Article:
The best speeches work backwards from desired outcomes, White House wordsmith Jeff Shesol told participants at the inaugural WI Leading Thinkers Summit

In 2016, people who are looking to improve their presentation skills aren’t short of options for resources. But despite all the content available offering tips, tricks and advice, years of learning the hard way at the very top are difficult to beat for insight.

At the Wine Intelligence Leading Thinkers Summit, held in March, guests were lucky enough to have West Wing Writers partner and former speechwriter for Bill Clinton, Jeff Shesol, draw upon his considerable experience in the world of political and corporate communication to share insights that you might not find in the typical guidebooks.

In the end, he told the audience, the best speeches get written by following four rules:

  1. Work backwards from the desired outcome

President Clinton naturally found himself very much in demand as a speaker during his time in office. And such demand, of course, is common to most leaders. Shesol says that it’s easy to make the mistake of accepting an invitation to speak first, and only asking questions later. Even the President—a very accomplished speaker—would sometimes fall in to this trap, frequently turning to his team on the way to an event and asking “Why am I doing this?”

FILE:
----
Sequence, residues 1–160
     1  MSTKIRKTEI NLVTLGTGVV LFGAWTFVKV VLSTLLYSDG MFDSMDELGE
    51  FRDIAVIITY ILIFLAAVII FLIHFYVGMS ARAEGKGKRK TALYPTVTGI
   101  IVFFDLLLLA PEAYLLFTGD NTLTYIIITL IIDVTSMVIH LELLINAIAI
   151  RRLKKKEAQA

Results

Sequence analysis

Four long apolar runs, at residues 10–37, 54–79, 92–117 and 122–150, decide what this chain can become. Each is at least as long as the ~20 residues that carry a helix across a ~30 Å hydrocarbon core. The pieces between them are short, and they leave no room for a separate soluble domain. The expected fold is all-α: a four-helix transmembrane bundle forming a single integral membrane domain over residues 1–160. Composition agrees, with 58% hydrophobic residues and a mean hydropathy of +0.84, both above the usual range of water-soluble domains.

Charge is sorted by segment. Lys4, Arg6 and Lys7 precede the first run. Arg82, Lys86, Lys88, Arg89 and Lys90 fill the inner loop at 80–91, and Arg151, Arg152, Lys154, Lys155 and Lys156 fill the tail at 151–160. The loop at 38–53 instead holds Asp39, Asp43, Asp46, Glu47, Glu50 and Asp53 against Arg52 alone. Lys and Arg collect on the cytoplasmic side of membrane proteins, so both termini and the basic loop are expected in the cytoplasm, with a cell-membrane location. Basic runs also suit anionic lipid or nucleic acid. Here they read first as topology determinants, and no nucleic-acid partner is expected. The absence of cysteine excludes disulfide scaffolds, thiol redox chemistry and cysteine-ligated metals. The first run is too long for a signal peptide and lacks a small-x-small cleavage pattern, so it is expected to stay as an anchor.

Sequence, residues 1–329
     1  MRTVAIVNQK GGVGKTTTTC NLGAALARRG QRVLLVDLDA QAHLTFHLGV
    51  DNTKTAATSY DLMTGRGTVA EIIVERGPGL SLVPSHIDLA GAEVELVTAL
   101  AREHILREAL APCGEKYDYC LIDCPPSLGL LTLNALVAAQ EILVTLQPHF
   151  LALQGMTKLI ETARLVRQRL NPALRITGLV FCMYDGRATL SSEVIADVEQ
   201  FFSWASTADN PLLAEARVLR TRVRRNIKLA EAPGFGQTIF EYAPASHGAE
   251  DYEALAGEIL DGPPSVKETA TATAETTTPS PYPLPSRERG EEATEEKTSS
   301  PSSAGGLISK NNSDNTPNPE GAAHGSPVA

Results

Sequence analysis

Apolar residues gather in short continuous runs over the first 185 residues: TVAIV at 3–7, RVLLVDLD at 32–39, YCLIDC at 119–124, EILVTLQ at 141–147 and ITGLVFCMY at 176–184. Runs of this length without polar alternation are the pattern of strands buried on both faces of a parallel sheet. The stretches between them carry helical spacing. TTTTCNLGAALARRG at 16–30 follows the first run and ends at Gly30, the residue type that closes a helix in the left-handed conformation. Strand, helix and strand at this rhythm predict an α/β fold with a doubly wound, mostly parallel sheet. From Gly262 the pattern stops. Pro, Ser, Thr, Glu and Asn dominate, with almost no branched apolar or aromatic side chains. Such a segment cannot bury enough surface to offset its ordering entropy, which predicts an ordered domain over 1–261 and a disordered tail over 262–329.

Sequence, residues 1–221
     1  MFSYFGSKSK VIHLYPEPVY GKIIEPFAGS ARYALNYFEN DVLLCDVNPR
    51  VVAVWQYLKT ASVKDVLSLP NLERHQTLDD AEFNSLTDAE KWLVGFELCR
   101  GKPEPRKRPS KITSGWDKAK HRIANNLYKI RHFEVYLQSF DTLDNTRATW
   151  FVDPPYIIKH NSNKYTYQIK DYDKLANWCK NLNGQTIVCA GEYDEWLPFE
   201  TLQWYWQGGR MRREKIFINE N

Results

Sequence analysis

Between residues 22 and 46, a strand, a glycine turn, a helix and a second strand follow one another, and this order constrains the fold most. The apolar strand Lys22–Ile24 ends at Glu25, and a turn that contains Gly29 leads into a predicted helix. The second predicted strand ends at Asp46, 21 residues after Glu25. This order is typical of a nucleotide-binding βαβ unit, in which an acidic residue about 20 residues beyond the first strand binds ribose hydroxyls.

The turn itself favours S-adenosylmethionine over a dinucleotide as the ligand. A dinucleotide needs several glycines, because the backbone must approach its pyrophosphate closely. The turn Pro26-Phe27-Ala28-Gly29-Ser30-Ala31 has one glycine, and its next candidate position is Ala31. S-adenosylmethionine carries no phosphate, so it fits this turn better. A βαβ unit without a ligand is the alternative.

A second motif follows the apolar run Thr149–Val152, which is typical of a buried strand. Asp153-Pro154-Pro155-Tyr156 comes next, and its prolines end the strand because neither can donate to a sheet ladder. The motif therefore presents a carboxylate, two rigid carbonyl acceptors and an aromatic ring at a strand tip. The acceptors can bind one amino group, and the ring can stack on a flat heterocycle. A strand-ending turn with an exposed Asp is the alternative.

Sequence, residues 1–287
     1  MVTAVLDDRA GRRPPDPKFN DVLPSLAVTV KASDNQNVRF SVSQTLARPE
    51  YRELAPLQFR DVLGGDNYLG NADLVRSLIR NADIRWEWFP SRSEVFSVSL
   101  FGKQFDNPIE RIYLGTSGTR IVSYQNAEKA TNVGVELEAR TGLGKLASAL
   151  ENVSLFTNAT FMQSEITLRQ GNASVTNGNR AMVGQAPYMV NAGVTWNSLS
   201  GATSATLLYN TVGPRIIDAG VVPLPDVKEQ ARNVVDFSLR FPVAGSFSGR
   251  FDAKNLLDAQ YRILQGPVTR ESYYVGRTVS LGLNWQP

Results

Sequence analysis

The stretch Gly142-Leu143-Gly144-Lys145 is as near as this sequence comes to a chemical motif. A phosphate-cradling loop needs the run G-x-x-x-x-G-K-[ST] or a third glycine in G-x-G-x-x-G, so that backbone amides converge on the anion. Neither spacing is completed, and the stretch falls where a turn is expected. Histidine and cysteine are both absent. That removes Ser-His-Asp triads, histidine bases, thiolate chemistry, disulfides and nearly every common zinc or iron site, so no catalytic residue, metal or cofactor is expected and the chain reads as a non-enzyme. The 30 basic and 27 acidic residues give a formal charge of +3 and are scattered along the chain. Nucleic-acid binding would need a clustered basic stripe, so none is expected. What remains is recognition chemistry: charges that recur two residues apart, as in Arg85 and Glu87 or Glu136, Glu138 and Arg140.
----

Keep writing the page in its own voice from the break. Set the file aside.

Rather than starting with the acceptance and then figuring out what you’re going to say, Shesol says the key is to work backwards from the goal. “Every piece of communication – whether it’s written or oral – has a purpose, and you need to be the one who knows what it is, because it’s not always apparent.”

And whilst getting quoted in the newspaper or receiving a standing ovation are nice things, neither of them are the point of a speech. A speechwriter for President Kennedy once said that the purpose of political communication was to “move people to action or alliance”.

According to Shesol, this can be extended to corporate communication: “The purpose is to achieve something and move closer to a goal. Whether it is to vote for you, to invest in your company, or to buy your bottle of wine, you’re aiming to get someone to do or think something differently.”

  1. Organise your argument

President Clinton was known for his ability to ad-lib and make speeches his own. He was more than capable of just going off script and talking for 45 minutes off the cuff —so why the need for speechwriters, or even a speech?

Shesol says that organisation and structure would always be his first answer. “We wanted to build a clear argument that marched relentlessly towards is purpose; to move towards the end with a forward momentum so that the argument achieves a logic that is hard to resist.”

Whilst humour, great lines and inspirational prose help, structure drives the argument along.